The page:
I do think though, that if you've never really used studio lights before, even Thorstens video's can be a little more on the advanced side.

    Still highly reccomended! (here's a preview):

    http://vimeo.com/13505374

    I also have the DVD's from Dean Collins, but they are very technical and to be honest, I didn't get much benefit from them at the time I was viewing them, may be different now though.

    Also, buy a good book, for example this one (I own it myself):
    http://amzn.com/1584281251

    Study it and then check out Thorsten's video.
    Still, you need to practise, a lot, to get a good feel for how things work together and what kind of effect various modifiers make.
    Last edited by Helinophoto; 08-08-2012 at 05:10 PM. Click to view previous post history.
    -
    "Nice picture, you must have an amazing camera."
    Visit my photography blog at: http://helino-photo.blogspot.com

  3. #3

    Join Date
    Nov 2003
    Posts
    5,243
    Images
    9
    I've played with lighting, just never really liked what I got. I agree with the wonders of digital when it comes to playing. a 4 gig card means a lot of cheap play. I'll burn film when I like what I am getting. I was just looking a little more visual instruction. Thanks for the links.
    Technological society has succeeded in multiplying the opportunities for pleasure, but it has great difficulty in generating joy. Pope Paul VI

    So, I think the "greats" were true to their visions, once their visions no longer sucked. Ralph Barker 12/2004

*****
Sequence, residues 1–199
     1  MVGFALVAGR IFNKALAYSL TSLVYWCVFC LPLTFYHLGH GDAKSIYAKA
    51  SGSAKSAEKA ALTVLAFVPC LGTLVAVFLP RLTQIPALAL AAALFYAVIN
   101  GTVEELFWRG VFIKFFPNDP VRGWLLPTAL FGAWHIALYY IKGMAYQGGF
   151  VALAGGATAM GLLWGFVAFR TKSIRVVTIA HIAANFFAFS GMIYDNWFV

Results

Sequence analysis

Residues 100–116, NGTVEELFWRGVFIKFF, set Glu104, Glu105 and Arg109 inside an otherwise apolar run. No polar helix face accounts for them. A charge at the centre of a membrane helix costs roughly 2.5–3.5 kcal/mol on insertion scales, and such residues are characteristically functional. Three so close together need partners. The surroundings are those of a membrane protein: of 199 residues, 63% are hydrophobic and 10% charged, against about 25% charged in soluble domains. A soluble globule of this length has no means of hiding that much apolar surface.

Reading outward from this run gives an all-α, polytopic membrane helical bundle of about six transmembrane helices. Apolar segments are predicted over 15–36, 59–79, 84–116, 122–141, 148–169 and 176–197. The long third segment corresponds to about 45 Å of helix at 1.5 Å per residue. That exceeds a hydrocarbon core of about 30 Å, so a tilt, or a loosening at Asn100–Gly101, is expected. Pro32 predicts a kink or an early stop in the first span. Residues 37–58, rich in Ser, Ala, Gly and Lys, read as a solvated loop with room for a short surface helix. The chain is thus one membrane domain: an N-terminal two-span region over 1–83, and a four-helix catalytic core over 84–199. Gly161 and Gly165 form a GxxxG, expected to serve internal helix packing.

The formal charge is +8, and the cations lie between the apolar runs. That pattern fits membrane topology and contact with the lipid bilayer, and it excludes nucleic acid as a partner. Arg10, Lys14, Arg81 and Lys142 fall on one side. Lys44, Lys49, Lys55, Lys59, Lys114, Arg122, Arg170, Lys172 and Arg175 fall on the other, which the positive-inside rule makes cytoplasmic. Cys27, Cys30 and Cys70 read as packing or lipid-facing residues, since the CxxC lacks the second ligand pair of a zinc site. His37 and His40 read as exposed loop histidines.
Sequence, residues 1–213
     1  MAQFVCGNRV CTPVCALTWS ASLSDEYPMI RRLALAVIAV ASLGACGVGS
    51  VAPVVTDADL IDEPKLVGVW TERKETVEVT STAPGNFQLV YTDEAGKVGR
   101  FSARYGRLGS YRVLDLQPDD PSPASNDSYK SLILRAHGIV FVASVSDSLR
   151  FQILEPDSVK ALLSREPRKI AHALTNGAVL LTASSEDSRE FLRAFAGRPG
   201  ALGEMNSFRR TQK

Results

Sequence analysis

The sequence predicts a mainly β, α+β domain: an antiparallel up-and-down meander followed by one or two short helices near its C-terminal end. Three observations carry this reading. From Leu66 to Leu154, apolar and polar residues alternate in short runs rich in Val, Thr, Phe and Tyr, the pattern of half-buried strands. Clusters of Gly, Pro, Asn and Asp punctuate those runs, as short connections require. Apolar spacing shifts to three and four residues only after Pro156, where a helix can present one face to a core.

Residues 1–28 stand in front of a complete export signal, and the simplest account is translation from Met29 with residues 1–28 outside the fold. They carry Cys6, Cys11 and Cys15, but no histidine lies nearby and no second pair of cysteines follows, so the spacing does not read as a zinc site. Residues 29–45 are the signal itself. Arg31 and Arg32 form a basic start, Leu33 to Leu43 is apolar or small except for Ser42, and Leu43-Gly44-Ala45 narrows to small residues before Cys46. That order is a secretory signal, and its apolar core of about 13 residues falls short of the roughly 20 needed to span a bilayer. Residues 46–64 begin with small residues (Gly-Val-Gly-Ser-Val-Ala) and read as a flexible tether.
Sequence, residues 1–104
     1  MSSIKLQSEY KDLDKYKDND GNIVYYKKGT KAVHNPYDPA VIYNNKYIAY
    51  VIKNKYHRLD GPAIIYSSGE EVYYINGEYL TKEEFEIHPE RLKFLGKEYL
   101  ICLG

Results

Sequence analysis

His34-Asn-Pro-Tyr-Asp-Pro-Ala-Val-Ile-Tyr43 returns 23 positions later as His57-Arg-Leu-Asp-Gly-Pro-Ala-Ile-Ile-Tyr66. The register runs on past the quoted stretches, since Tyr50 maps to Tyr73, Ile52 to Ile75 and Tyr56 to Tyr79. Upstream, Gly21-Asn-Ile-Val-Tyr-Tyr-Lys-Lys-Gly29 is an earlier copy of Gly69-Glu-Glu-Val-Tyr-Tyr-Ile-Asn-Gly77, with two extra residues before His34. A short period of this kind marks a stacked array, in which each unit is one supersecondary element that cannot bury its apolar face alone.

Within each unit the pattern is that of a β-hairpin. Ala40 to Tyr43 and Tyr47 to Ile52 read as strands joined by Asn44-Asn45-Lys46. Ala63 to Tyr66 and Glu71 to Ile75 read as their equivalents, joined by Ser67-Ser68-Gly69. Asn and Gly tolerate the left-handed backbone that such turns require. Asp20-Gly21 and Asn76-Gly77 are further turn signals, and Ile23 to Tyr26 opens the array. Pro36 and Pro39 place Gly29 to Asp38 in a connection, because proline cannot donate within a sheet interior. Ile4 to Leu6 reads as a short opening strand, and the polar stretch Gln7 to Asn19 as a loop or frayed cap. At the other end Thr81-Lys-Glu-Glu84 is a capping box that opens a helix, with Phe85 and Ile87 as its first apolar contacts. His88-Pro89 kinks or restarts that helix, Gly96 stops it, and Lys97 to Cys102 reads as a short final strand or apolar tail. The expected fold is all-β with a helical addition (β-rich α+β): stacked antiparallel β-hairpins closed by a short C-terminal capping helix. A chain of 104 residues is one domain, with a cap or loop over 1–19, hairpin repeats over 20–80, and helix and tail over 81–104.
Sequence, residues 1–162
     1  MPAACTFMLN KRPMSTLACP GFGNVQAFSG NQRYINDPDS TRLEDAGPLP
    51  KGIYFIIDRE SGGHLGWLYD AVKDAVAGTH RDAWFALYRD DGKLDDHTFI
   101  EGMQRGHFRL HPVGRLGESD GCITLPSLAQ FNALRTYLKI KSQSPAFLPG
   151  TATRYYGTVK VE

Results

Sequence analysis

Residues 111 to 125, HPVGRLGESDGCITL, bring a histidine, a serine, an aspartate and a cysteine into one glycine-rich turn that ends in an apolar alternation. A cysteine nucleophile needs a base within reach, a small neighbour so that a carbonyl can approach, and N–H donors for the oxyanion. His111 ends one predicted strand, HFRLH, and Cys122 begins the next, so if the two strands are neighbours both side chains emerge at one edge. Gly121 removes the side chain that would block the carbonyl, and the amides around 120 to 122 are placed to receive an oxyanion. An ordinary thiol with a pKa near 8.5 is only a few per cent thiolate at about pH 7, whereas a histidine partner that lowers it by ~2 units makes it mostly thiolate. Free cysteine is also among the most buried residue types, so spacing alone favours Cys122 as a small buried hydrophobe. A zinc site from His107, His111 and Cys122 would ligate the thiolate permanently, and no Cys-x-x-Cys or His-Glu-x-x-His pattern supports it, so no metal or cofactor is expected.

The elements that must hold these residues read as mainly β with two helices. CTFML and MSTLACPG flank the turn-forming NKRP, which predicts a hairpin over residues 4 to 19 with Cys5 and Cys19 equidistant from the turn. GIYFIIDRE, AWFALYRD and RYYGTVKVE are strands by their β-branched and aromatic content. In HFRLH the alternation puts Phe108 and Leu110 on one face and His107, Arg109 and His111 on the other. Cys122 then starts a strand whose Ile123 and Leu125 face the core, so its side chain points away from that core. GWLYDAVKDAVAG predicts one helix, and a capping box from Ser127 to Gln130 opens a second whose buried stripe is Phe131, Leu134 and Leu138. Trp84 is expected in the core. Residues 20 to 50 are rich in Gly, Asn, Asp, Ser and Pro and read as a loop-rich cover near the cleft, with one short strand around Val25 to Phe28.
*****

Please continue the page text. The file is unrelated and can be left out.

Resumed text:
4. #4
    markbarendt's Avatar
    Join Date
    May 2008
    Location
    Beaverton, OR, USA
    Shooter
    Multi Format
    Posts
    5,796
    Blog Entries
    3
    Images
    19
    Mark Barendt, Beaverton, OR

    "We do not see things the way they are. We see things the way we are." Anaïs Nin

  5. #5
    CGW
    CGW is offline

    Join Date
    Apr 2010
    Shooter
    Medium Format
    Posts
    2,797
    What exactly are you trying to light?

  6. #6
    jp498's Avatar
    Join Date
    Oct 2009
    Location
    Owls Head ME
    Shooter
    Multi Format
    Posts
    1,467
    Images
    74
    Get some cheap lighting and a digital camera. Some brooding/work lamps with different wattage bulbs from the hardware store and play around. Reflectors made with tinfoil and foamcore. White gauze to diffuse light. It's not versatile like the purpose made stuff, but it's an efficient way to learn. There is essentially nothing new in artificial lighting. A DSLR is an easy to way test setups. If you want to start with strobes, get some monolights with modeling lamps. If you don't have modeling lamps, you won't be able to see what you're adjusting as you move the subject and lights around.